Recently I attended the Highland Games near a small village about ten or fifteen miles outside of Inverness. There were so many families and children there. It was a true community event. This veg and fish eater happily ate a venison burger with sautéed onions straight off the barbeque.
Little did I know that I would be IN the games. And in the Heavy events as well as the hill run relay. Having been to the Braemar games last year I had seen the heavy events (in one of those odd twists in my adventures I ended up sitting near Queen Elizabeth and Prince Charles). Watching someone else throw the Scots Hammer or toss a caber is nothing like trying to do it yourself. The Hammer was incredibly difficult to master in my five-second instruction. Never mind the darn thing was heavy! You’re supposed to keep your arms straight and swing it round your head and then twist your body and throw it. It’s too heavy to keep your arms straight when you’re new at it and when you get it going it throws you completely off balance. The momentum threw some women competitors to the ground. I managed to stay on my feet but didn’t place in the top 3 out of the field of about 8-10 women. When I went to the Highland Games here in my own town this past weekend I noted that the Heavies (those competing in the Heavy events) all wore these metal things on their boots that they dug into the ground to keep them from being thrown on the ground or over the line and being disqualified. Those boot-thingys would have been nice to have.
The Stone Put, which is like shot put but with a large stone, was pretty straightforward. The organizer didn’t have any of us, men or women, spin around to do the Stone Put. We simple had to pick it up, position and launch it. I took second.
It was girls against guys for the Tug-of-War. The girls won both times.
And then there was the Caber Toss. This is one of my favorite Highland game events. I was excited and nervous. I couldn’t believe that I was expected to actually pick it up, balance it, run with it and toss it over… on a first go. This was a definite challenge. The hardest part is to get the thing off the ground and balanced on your two hands, which you have to get underneath the caber. Then you have to hoist it and balance it; its weight makes you sway and swerve. You need to get running with it balanced, lift it forward and toss it so that it flips completely over and hits as close to 12 noon on a clock dial as you can. The caber toss closest to noon wins. I was ecstatic that I successfully balanced and flipped it but it landed at about 10. I didn’t end up placing in the top 3. But not too bad a showing for my first Highland Games.
There were many teams in the Hill Run Relay. I’m not a runner and was dismayed to discover that the 2 people in front of me weren’t there at each handoff, so I had to keep running. Some confusion had ensued at one point and some people who were not participating had been assigned a leg and so they weren’t at their handoff point. One of the legs included running across a very narrow log several feet off the ground. I couldn’t even hoist myself up on the log by myself after running full tilt but once up I managed to balance and run across without falling (and having to start over), pushing hard through the final legs to the end to help our team to second.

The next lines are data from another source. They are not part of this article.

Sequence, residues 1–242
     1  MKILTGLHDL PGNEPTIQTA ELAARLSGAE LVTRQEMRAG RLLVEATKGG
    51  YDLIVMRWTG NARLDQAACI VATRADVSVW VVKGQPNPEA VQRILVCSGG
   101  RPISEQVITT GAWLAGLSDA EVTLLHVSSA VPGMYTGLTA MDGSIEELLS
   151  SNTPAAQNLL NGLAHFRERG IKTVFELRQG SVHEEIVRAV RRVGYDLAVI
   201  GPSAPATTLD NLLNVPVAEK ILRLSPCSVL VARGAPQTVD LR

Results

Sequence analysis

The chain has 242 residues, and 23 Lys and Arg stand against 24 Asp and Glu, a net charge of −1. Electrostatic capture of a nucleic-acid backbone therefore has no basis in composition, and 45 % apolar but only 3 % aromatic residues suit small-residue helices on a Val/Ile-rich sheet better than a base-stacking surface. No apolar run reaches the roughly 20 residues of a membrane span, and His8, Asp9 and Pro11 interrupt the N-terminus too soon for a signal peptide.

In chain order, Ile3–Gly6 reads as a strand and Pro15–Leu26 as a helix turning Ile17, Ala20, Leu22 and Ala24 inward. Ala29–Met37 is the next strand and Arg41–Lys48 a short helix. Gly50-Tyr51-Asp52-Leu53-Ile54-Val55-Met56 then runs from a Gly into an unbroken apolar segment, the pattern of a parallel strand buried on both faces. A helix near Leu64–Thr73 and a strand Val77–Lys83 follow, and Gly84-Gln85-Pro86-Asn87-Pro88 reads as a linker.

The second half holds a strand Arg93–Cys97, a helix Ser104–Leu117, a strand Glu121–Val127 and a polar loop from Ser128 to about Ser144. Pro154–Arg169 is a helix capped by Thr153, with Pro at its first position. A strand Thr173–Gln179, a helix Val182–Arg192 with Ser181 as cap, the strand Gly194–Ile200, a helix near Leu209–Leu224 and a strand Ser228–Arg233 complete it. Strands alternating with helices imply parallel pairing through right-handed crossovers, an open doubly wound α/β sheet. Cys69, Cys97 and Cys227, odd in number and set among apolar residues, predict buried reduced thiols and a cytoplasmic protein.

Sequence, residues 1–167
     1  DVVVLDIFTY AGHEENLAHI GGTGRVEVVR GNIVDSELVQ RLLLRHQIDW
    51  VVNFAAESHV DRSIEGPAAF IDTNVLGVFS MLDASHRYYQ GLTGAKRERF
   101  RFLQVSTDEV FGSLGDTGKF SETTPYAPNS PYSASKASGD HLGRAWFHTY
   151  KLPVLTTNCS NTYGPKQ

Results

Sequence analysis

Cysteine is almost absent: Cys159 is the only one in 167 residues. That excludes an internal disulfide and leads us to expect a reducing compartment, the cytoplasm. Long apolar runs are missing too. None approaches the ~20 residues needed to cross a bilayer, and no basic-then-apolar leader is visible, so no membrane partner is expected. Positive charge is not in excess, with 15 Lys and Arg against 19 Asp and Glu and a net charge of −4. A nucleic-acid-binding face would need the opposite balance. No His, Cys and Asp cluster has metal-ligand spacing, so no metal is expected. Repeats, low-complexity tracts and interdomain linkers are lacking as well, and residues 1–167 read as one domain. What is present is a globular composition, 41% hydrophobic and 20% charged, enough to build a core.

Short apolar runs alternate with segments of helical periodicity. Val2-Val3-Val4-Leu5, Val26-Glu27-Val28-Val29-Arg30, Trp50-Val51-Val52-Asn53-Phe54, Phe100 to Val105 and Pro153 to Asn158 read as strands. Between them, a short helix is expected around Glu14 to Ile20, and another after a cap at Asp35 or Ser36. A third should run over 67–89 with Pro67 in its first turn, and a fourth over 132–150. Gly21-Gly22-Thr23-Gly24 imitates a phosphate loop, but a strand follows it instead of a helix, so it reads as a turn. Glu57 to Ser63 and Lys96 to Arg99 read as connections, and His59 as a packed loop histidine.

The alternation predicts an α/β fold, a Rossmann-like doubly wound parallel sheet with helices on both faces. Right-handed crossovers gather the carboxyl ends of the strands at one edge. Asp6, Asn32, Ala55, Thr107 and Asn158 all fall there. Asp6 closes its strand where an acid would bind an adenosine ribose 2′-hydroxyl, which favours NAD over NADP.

This was an incredibly cool event for several reasons. My assigned leg was #8 and was high on a hill as the sun was setting. Since I had so many runners before me I had time to soak in the crazy amazing view. Loch Ness shimmered and stretched out below me to my right as it met the gorgeous Scotland summer evening sky; the diffused light made the distant hills seem to glow. Dotting the hill across from mine were white puffs of sheep and I could hear people laughing and encouraging each other on at different parts of the forest in their charming Scottish Highland accent. As I began to run I heard them calling my name and cheering me on, which gave me what I needed to finish strong.
It was a beautiful night running down the soft green hill, through the trees and across the clear, grassy meadow. One man turned to me and said, ‘I’ve lived in Scotland near all my life and this is the first time I’ve participated in the games, and here you have already. Well done.’ And I thought, ‘Well done Scotland for having a community event like this. What fun! And what an unforgettable night.’
To cap it off a woman approached me and asked me if I was at the gym in Inverness earlier that week. It turns out she was in my class and we ended up partnering up the next time we were at class. It’s a nice feeling when you’re new to an area and you start to run into people here and there. I can’t always remember because everyone’s new all the time so it’s nice when they remember you and start a conversation. It was really a wonderful thing that night as I was away from my own town and I was actually hesitant to go to these games as I wasn’t sure if I was up to being around strangers that night. It was so great when someone there ‘knew’ me. And people turned out not to be strangers at all. So welcoming and friendly. I hope that I am back in Scotland again to go to these games.
Clip of amateur heavies and the real heavies